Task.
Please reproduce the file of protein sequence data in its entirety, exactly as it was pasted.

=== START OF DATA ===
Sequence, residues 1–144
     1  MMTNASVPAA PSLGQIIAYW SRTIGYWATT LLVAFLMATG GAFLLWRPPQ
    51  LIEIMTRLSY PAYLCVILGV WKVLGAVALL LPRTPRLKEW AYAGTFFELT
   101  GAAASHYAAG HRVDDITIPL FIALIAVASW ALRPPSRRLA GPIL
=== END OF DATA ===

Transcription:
Sequence, residues 1–144
     1  MMTNASVPAA PSLGQIIAYW SRTIGYWATT LLVAFLMATG GAFLLWRPPQ
    51  LIEIMTRLSY PAYLCVILGV WKVLGAVALL LPRTPRLKEW AYAGTFFELT
   101  GAAASHYAAG HRVDDITIPL FIALIAVASW ALRPPSRRLA GPIL